|Established||25 July 1957|
|Mission||acquire and protect the cultural legacy of the former State of Prussia|
|Vice President||Günther Schauerte|
|Budget||EUR137.517 million (2019)|
|Endowment||Federal and State|
10785 Berlin, Germany
The Prussian Cultural Heritage Foundation (German: Stiftung Preußischer Kulturbesitz (SPK)), headquartered in Berlin, Germany, was established in 1957 by German Federal law with the mission to acquire and preserve the cultural legacy of the former State of Prussia. Its purview encompasses over 27 institutions, including all of Berlin's State-run Museums, the Berlin State Library, the Prussian Privy State Archives and a variety of institutes and research centers. As such it has become one of largest cultural organizations in the world.
The Federal Government and the German States are jointly responsible for the Foundation, both legally and financially. Its operations include preservation and care of the collections, their structure and development, and the continuation of academic and scientific research with a mission to encourage learning and understanding between different peoples.
During World War II, the cultural artifacts and fine arts in Prussia, especially in Berlin, came under increasing threat of loss. To protect them from Allied bombing, millions of items were evacuated to relative safety in monasteries, castles and abandoned mines around Germany starting in 1941. With the collapse of the Third Reich in 1945, many of these collections wound up damaged, destroyed, or variously hidden in the Allied occupation zones. All the former Prussian institutions ceased to officially exist when the State of Prussia was abolished in 1947, placing these assets in further doubt. As Germany became divided into West and East, what remained of the buildings and scattered collections were also separated by the Iron Curtain.
The Prussian Cultural Heritage Foundation began in 1957 by a West German constitutional mandate to find and preserve the collections still stored throughout the former western occupation zones. In 1961, efforts began to move these materials to West Berlin. From the mid-1960s onward, a series of Modernist buildings were constructed at the Kulturforum to serve as new homes for the collections, including the Gemäldegalerie, the Neue Nationalgalerie and the Berlin State Library. Upon German Reunification in 1990, the Foundation's role expanded considerably to encompass many of the most important cultural properties of the former East Germany. The most important tasks today are in the consolidation of collections, reconstruction of physical space, conservation-restoration and Provenance research.
In 1980 the Foundation's headquarters moved into a historic building at Von-der-Heydt-Straße 16. The Villa Von Der Heydt was built between 1860 and 1862 in neo-renaissance style by the architect Hermann Ende for Baron August von der Heydt, who was Minister of Finance under Otto von Bismarck in the last Prussian cabinet before the founding of the German Empire in 1871.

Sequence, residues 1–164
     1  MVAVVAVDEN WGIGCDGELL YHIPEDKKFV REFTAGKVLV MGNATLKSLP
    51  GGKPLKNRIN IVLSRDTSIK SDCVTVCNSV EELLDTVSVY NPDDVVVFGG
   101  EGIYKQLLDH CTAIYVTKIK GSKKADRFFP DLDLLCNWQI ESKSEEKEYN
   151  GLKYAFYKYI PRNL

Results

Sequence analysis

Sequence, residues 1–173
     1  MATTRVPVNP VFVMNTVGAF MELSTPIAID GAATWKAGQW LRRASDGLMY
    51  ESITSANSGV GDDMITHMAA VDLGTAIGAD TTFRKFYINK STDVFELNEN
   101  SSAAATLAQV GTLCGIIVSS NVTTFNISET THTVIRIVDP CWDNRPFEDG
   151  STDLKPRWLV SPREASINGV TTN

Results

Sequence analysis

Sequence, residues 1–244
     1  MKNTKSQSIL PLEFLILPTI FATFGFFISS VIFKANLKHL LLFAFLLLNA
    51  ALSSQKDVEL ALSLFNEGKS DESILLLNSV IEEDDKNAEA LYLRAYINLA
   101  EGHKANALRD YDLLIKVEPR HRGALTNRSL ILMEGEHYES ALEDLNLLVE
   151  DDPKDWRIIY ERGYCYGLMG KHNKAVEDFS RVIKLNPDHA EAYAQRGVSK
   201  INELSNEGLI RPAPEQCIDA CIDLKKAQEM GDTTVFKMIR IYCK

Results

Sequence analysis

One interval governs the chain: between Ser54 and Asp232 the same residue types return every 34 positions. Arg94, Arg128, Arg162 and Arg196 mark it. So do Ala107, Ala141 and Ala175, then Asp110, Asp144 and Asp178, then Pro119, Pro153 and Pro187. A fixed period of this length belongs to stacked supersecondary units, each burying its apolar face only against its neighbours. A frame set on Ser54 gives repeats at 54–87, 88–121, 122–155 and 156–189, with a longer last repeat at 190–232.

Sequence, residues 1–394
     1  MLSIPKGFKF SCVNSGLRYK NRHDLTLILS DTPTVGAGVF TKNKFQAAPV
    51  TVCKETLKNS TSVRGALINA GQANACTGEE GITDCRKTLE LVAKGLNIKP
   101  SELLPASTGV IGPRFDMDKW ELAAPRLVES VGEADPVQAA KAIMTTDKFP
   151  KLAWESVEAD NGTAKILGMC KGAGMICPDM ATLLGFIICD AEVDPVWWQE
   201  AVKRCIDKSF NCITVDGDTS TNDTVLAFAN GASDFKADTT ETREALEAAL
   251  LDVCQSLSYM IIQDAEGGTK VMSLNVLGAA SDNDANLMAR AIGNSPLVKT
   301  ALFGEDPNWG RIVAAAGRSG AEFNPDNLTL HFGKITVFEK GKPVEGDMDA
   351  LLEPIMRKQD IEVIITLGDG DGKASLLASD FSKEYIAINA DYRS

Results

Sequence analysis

After Von der Heydt's death in 1874 the building became home to the first Chinese ambassador to Wilhelm II, who decorated its splendid rooms with valuable works of art. In 1938 the villa was bought by the Nazi government and used as an official residence by Hans Lammers, Cabinet Minister in the Reich Chancellery.
The house was severely damaged in World War II, with only the basement and the outer walls remaining. In the immediate post-war years it was occupied by a sweets factory and an illicit still. The villa's gloomy ruins also once formed the backdrop for a spy film. It was not until 1971 that plans for reconstruction of the building began under the aegis of the German Federal Buildings Authority. Renovations completed in 1980.
The Foundation has since expanded operations to a new office building at Von-der-Heydt-Straße 16.
The Heritage Foundation has overall responsibility for the following institutions and facilities:
The Ernst Waldschmidt Prize is awarded every five years for academically valuable achievements in the field of Indology, in particular in the fields in which Waldschmidt himself specialized: Buddhism, Indian and Central Asian archaeology and art.
Since 2004, the Foundation sponsors positions for the Voluntary Social Year in Culture (German: Freiwillige Soziale Jahr in der Kultur or FSJ), a program of National Service for teenagers and young adults who meet certain educational requirements. There is a position each at the Directorate-General of the Berlin State Museums, Ibero-American Institute, Berlin State Library and the Central Archive of the Berlin State Museums.
The Heritage Foundation also awards scholarships for one- to three-month research and work residencies in Berlin. The scholarships are primarily intended to enable foreign scholars to work at the museums, libraries and archives and make professional contacts with staff.
Hermann Parzinger, President of the Prussian Cultural Heritage Foundation, co-chairs the German/American Provenance Research Exchange Program (PREP) for Museum Professionals for 2017-2019.